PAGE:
The opinion of the court was delivered by: Magistrate Judge Maureen P. Kelly
Presently before the Court is the Partial Motion to Dismiss Plaintiff's Second Amended Complaint filed by Defendant Alderwoods Group, Inc. ("Alderwoods"). In the Partial Motion to Dismiss, Alderwoods requests that the Court dismiss with prejudice: (i) Count II of Plaintiff's Second Amended Complaint; (ii) Plaintiff's request for restraining order; (iii) Plaintiff's request for compensatory, consequential, and punitive damages; and (iv) all allegations that Alderwoods violated the FLSA "willfully." [ECF No. 1650].
Plaintiff, in her Response to Defendant's Partial Motion to Dismiss Plaintiff's Second Amended Complaint states that she "does not oppose and/or voluntarily dismisses": (i) Count II; (ii) her request for a restraining order; and (iii) her request for compensatory, consequential and punitive damages. [ECF No. 1655]. On September 4, 2012, Plaintiff filed a Stipulation dismissing these three claims/requests. [ECF No. 1661].
The sole issue remaining to be addressed by this Court is the sufficiency of Plaintiff's pleading of "willfulness" under the Fair Labor Standards Act ("FLSA"). For the reasons that follow, the Partial Motion to Dismiss is denied.
This case was originally styled as a FLSA collective action. After three years of discovery, the class was decertified by United States District Judge Joy Flowers Conti on September 9, 2011. [ECF No. 1636]. As a result of the decertification order, all opt-in plaintiffs who joined the case were dismissed, ultimately leaving Rady as the sole remaining plaintiff.
On April 20, 2012, Rady filed a Second Amended Complaint to assert individual wage and hour claims against Alderwoods. [ECF No. 1648]. In her Second Amended Complaint, Rady alleges that Alderwoods had various policies or practices that led to her being undercompensated for the work that she performed. Plaintiff further alleges that Alderwoods "practice was to be deliberately indifferent to [its] violations of the statutory overtime requirements" and that Alderwoods "failure to pay overtime was willful and unlawful." (Id. at ¶¶ 14-15.)
Plaintiff's Second Amended Complaint includes two counts, the first simply entitled "FLSA" and the second entitled "Failure to Maintain Proper Records." Plaintiff's second count, Failure to Maintain Proper Records, purports to seek relief under the FLSA due to Alderwoods' alleged failure to "make, keep and preserve adequate and accurate records of the employment of Plaintiff concerning her wages, hour of work and other conditions of employment." Among other relief requested, Plaintiff seeks (i) an order "preliminarily and permanently restraining Defendant from engaging in the aforementioned pay violations;" (ii) "an award of the value of Plaintiff's unpaid wages;" and (iii) "liquidated, compensatory, consequential and punitive damages."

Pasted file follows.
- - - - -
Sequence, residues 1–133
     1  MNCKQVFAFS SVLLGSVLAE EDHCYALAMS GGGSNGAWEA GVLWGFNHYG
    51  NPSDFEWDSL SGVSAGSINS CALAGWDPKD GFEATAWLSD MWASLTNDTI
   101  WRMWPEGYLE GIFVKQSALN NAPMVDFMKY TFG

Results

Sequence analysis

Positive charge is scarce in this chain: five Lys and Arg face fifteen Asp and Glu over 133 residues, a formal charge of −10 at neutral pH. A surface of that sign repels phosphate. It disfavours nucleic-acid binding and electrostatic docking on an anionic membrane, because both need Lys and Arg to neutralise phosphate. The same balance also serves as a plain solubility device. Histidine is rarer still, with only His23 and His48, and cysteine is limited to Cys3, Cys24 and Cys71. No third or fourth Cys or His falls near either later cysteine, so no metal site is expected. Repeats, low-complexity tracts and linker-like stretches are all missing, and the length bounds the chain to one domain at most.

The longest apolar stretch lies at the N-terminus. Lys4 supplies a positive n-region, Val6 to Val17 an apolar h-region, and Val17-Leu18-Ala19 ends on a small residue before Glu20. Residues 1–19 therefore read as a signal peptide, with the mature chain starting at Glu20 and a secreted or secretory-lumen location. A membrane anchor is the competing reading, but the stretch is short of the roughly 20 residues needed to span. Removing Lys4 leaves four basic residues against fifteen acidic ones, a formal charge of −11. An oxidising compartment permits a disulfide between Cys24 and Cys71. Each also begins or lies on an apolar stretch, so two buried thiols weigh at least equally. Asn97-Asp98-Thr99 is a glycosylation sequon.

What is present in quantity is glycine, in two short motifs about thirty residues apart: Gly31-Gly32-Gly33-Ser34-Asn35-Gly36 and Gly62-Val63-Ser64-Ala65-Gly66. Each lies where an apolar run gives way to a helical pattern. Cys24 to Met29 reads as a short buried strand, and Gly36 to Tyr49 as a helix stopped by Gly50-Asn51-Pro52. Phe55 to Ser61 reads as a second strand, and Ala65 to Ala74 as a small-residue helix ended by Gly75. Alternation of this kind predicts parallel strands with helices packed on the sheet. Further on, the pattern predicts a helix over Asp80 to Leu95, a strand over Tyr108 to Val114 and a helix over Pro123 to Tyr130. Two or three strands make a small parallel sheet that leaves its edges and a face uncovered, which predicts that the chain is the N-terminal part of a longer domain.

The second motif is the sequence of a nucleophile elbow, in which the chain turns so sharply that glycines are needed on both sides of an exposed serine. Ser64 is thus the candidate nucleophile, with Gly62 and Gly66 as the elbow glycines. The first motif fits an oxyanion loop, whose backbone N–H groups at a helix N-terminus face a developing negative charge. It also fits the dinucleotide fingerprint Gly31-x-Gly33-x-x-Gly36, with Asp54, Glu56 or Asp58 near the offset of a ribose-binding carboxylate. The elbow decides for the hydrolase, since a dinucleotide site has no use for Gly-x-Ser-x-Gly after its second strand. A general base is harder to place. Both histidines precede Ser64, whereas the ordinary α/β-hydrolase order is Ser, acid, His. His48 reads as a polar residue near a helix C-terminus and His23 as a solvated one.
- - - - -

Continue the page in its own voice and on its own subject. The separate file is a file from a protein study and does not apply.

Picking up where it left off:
The United States Supreme Court opinions in Bell Atlantic Corporation v. Twombly, 550 U.S. 544 (2007) and, more recently, in Ashcroft v. Iqbal, 556 U.S. 662 (2009), have shifted pleading standards from simple notice pleading to a more heightened form of pleading, requiring a plaintiff to plead more than the possibility of relief to survive a motion to dismiss. With the Supreme Court instruction in mind, the United States Court of Appeals for the Third Circuit has outlined a two-part analysis that courts should utilize when deciding a motion to dismiss for failure to state a claim. First, the factual and legal elements of a claim should be separated. In other words, while courts must accept all of the complaint's well-pleaded facts as true, they may disregard any legal conclusions. Second, courts must then decide whether the facts alleged in the complaint are sufficient to demonstrate that the plaintiff has a "plausible claim for relief." Iqbal, 566 U.S. at 679. That is, a complaint must do more than allege the entitlement to relief; its facts must show such an entitlement. Fowler v. UPMC Shadyside, 578 F.3d 203, 210-211 (3d Cir. 2009).
Alderwoods argues that this Court should dismiss Rady's claim that it "willfully" violated the FLSA. Specifically, Alderwoods contends that despite more than three years of discovery that Rady has failed to plead sufficient facts to state a claim for willful violation of the FLSA.
Rady argues that she has adequately pled a FLSA willfullness claim. Rady contends that the factual averments set forth in the Second Amended Complaint, in particular in Paragraphs 11, 12, 13, 14 and 15, which, at this initial pleading stage, must be accepted as true and sufficient to establish a willfullness claim. This Court agrees. The averments of willfullness clearly satisfy the Twombly and Iqbal standards. This Court finds that Rady has sufficiently alleged willfulness in ...